Written and directed by first-timer Richard E. Grant (who is, to be fair, a sharply talented actor and wit in his own right), Wah-Wah begins innocently enough but quickly devolves into a mess of clichés. Based on Grant’s coming of age in ’60s Swaziland as the country received its liberty from Great Britain, the uneven film enticed some of England’s top-notch talent to sign on, so it is infinitely curious that the end product doesn’t quite add up. While the film isn’t exactly terrible, it is decidedly mediocre. Given such a potentially cinematic subject, this is a cardinal sin.
On the eve of the country’s independence, meek young Ralph Compton (played as a child by Zachary Fox) is more concerned with the comings and goings of his volatile parents Harry and Lauren (Gabriel Byrne and Miranda Richardson, both unfortunately saddled with thin caricatures), who are just barely struggling to keep up appearances for the uptight British countrymen that seem to have nothing better to do than judge them. Mrs. Compton is a bit of a tart who is apparently so hard up for affection that she has sex with her married lover in the front seat of a car in full view of her young son (something that obviously affects Ralph in a major way). Mr. Compton is a relatively clueless, loving military man with a whopper of a drinking problem who seems oblivious to everything going on. The unhappy Mrs. soon decides to leave Africa, her husband, and her impressionable son for her lover, much to the chagrin of his wife (esteemed British thespian Julie Walters, who could likely play a doddering old British lady like this in her sleep). Since dad is such a mess himself, Ralph is soon sent packing to boarding school.
Years go by and Ralph returns to Swaziland a sensitive young man with a penchant for crafting elaborate puppet shows. At this stage of his life, Ralph is played by About a Boy‘s gifted Nicholas Hoult, who adeptly captures the turmoil and gawkiness of the displaced youth. Upon returning to the community of Brits that is essentially segregated from the Africans, Ralph is hit with a whopper of a surprise: his father has taken a new wife, an American named Ruby (played with warmth and grace by Emily Watson). Ruby is a brash “former air hostess” who relentlessly speaks her mind, which is a horrifying concept for the tightly clinched, “proper” British ladies living in the community. While the film tries to point out the hypocritical irony of the upper-crust, morality-driven women being just short of common prostitutes (they are all sleeping with each other’s husbands, after all), it seems to be merely hinted at, never fully-formed.
The two clash at first but over time Ruby becomes like a second mother to the boy, which proves to be a huge problem when the first Mrs. Compton returns to stake claim to her family. Hoult and Watson, in fact, seem to be acting in another film altogether: they endow their characters with such depth and tenderness that they seem almost out of place in such a flimsy, afterthought of a film. Watson, in particular, has become (since her explosive 1996 film debut in Lars Von Trier’s crushing Breaking the Waves) the kind of actress that somehow can elevate whatever material she gets her hands on to another level. Though she isn’t getting juicy leads like she did 10 years ago, she is thankfully still managing to steal scenes in pivotal supporting roles like Ruby.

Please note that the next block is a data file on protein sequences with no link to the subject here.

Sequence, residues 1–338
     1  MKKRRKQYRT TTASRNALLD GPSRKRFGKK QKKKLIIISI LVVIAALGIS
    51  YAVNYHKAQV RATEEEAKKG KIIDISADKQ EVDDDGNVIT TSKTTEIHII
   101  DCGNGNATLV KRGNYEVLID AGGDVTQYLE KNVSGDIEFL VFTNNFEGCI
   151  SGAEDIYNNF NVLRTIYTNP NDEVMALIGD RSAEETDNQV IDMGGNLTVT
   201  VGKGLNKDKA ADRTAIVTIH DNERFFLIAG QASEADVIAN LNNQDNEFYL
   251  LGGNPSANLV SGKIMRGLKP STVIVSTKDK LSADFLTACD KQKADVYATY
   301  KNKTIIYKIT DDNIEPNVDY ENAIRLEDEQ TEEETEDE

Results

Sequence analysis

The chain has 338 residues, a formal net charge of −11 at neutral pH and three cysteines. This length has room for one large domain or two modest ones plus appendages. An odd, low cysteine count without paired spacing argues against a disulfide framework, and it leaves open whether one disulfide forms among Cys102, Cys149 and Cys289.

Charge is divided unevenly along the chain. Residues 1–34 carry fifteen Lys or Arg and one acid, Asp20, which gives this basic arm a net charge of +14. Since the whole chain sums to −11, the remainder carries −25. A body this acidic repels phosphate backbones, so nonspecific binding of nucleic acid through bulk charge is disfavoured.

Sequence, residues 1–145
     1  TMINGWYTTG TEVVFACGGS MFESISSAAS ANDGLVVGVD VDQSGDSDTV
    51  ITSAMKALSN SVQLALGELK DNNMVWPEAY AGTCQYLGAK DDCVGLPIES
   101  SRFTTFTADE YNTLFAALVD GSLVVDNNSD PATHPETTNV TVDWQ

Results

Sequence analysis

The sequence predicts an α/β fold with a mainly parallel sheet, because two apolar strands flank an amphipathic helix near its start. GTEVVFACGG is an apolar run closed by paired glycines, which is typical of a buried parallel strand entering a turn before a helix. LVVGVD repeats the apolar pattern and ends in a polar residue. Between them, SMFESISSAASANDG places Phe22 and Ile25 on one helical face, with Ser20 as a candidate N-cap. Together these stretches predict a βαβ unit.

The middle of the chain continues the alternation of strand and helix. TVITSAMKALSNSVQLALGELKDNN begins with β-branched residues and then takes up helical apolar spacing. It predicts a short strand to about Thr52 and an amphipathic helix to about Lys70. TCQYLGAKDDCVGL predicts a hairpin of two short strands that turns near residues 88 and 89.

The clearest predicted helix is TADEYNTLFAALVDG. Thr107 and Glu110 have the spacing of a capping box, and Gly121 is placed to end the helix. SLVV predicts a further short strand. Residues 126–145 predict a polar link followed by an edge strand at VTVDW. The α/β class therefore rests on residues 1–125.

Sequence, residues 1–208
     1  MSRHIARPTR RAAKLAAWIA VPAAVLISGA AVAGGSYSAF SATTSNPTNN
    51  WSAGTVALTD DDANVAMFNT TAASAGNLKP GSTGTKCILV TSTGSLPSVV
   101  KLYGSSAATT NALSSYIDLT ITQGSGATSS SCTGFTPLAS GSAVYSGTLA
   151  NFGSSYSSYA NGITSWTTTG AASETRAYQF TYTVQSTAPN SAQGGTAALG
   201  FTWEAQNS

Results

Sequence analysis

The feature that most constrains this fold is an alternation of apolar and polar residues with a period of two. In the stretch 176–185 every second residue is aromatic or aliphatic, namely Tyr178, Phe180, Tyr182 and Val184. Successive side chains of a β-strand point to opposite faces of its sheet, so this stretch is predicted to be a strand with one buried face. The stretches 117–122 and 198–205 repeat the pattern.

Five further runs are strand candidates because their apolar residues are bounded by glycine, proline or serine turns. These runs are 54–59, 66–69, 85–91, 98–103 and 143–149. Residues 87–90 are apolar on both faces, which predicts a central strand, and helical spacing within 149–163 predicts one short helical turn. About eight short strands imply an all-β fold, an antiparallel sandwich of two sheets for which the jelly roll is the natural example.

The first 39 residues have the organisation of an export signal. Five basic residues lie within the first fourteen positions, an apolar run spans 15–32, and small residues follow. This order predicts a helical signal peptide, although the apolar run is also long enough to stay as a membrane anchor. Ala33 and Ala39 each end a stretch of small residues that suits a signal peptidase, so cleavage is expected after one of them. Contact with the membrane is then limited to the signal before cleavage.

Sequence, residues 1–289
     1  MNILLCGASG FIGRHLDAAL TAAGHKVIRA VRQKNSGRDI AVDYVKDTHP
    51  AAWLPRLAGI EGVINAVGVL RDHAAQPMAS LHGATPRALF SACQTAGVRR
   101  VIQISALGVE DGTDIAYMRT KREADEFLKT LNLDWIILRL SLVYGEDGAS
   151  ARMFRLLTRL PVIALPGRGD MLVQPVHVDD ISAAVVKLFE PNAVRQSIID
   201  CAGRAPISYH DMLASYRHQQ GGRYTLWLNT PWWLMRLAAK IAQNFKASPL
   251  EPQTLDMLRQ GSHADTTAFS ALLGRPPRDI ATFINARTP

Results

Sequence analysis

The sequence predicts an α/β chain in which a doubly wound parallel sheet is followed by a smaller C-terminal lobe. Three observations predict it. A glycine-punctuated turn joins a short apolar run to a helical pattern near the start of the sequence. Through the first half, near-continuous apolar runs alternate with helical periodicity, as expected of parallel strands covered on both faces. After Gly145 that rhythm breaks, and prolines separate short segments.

As Harry’s alcoholism begins to get more and more intense and Lauren makes a venom-fueled return to the film, the script begins to awkwardly lunge towards melodrama. It is the abrupt, uneven mix of sweet nostalgia, unfunny jokes, and waxy dramatics that are eventually the film’s undoing. While the film itself is entertaining and not threatening in the least, there is an amateurish quality to the proceedings that is off-putting: Wah-Wah is not unlike junk food: tasty, but it may leave you feeling unfulfilled.
Grant is unfortunately an obvious novice as a director; one that can’t seem to find his focus, despite managing a couple concise moments of clarity through character (such as with the scenes between Ruby and Ralph as they cope with Harry’s disease together). These small, well-built contributions are effective enough, but there is a disarming lack of perspective and culture missing from the project that is almost alarming: for a film set in Africa, there are disturbingly few Africans present in significant roles. Unfortunately, the genuinely cinematic moments are few and far between, and are generally courtesy of the skillful performances. Chalk Wah Wah up as yet another sweet, misguided film that could have potentially achieved greatness in a more seasoned filmmaker’s hands.